COVID-19 is disrupting nearly all facets of the US economy, and as many dealers are experiencing, the domestic automotive market is no exception. As Director of Industry Analytics at CarGurus, I’ll be posting regular updates about economic developments impacting your business, including developments that signal recovery, which will come.
To shape my analysis of the evolving situation, I’m tracking a variety of indicators. This post provides an overview of those indicators and explains why they matter for the automotive category. Some are traditional economic indicators, which are weeks if not months behind and will not account for the full impact of COVID. Others are consumer behavior indicators, which help to identify real-time changes in consumer patterns.
Traditional economic indicators:
Consumer Sentiment – This measures consumers’ confidence about the state of the economy and their income’s stability, which can impact their spending activity. Consumers need to feel confident before purchasing big-ticket items like cars. As layoffs increase, spending slows, and uncertainty grows, declining confidence could lead to consumers delaying new vehicle purchases. Instead, consumers may turn to the used vehicle market due to the lower cost. For example, in recent weeks, new vehicle search share has declined, while used vehicle search share has spiked in the Seattle-Tacoma DMA.
Job Openings Labor Turnover Survey (JOLTS) – This provides insight into the number of job openings, hires, and separations in the labor market. At the start of 2020, the job market favored employees with more job openings than “job quits” per month. However, COVID-19 could change this trend and impact the automotive market, specifically consumer automotive purchases.
Unemployment Rate – Tracking unemployment claims provides a snapshot of the areas that have been hit the hardest by the economic impact of COVID-19. As of Thursday, March 26, jobless claims soared to 3.283 million, shattering the previous record of 695,000 claims from October 2, 1982.
Small Business Optimism from the National Federation of Independent Business – This measures small business hiring and confidence and could impact the new and used vehicle market alike. A decline in small business optimism will hurt the overall economy.
Indicators that impact specific automotive segments:
Corporate Profits Before Taxes – This metric is strongly correlated to luxury sales. Even though it’s a small portion of the market, the luxury sector creates significant profits for OEMs and is an important part of the automotive sector.
Willingness to Loan (consumer installments) – This directly impacts the general automotive market. If banks aren’t willing to loan, consumers won’t be able to finance their vehicles. Historically, this indicator declines during recessions, and I’ll be closely monitoring it as the fiscal stimulus package is rolled out.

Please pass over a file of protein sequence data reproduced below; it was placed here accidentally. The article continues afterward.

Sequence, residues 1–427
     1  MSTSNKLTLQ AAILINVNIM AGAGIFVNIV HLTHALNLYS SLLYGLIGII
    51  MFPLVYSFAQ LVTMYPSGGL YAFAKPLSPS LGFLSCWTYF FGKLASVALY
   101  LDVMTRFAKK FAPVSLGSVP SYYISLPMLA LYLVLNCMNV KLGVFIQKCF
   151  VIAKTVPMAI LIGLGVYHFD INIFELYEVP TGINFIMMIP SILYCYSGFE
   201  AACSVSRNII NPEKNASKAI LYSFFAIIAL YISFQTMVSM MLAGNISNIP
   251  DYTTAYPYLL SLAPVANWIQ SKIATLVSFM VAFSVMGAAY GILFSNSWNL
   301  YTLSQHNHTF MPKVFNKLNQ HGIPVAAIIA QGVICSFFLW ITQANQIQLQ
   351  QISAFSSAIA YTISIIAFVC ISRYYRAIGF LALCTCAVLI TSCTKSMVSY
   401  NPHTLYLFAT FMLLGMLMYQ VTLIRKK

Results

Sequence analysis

Housing Starts, Builder Optimism, Remodeling Spend, and Permits – Housing data and the truck segment are positively correlated. The top three selling new vehicles are trucks, and they are also often the most searched vehicles in each state. It’s important to track the truck market in isolation for the US.
90-Plus Day Auto Delinquency Rate – Headed into 2020, both student loan and auto forgiveness rates were near recession highs. As a result of COVID-19, there will likely be an increase in the percentage of people 90+ days late on payment. This is especially true for subprime loans. The expected increase in delinquencies may be tempered by the fiscal stimulus package and recent programs from OEM captives, including Ford Credit, Toyota Financial, and others, though.
Market-specific consumer behavior indicators:
The COVID Tracking Project – This site provides data on the number of cases tested for COVID-19 in the US, as well as the results.
TomTom’s traffic data – Traffic congestion data shows which cities are following social distancing recommendations and provides insight into commuting changes.
SpotHero parking data – If SpotHero continues to post parking information, it will be a leading indicator to track when things return to normal. The data should show when people are resuming normal activities, such as shopping and attending events.
Next week, I’ll dive into how the fiscal stimulus package and jobless claims affect the automotive industry. If you have specific questions about economic trends and their impact on your business, please reach out to me at firstname.lastname@example.org, so I can address them in future posts.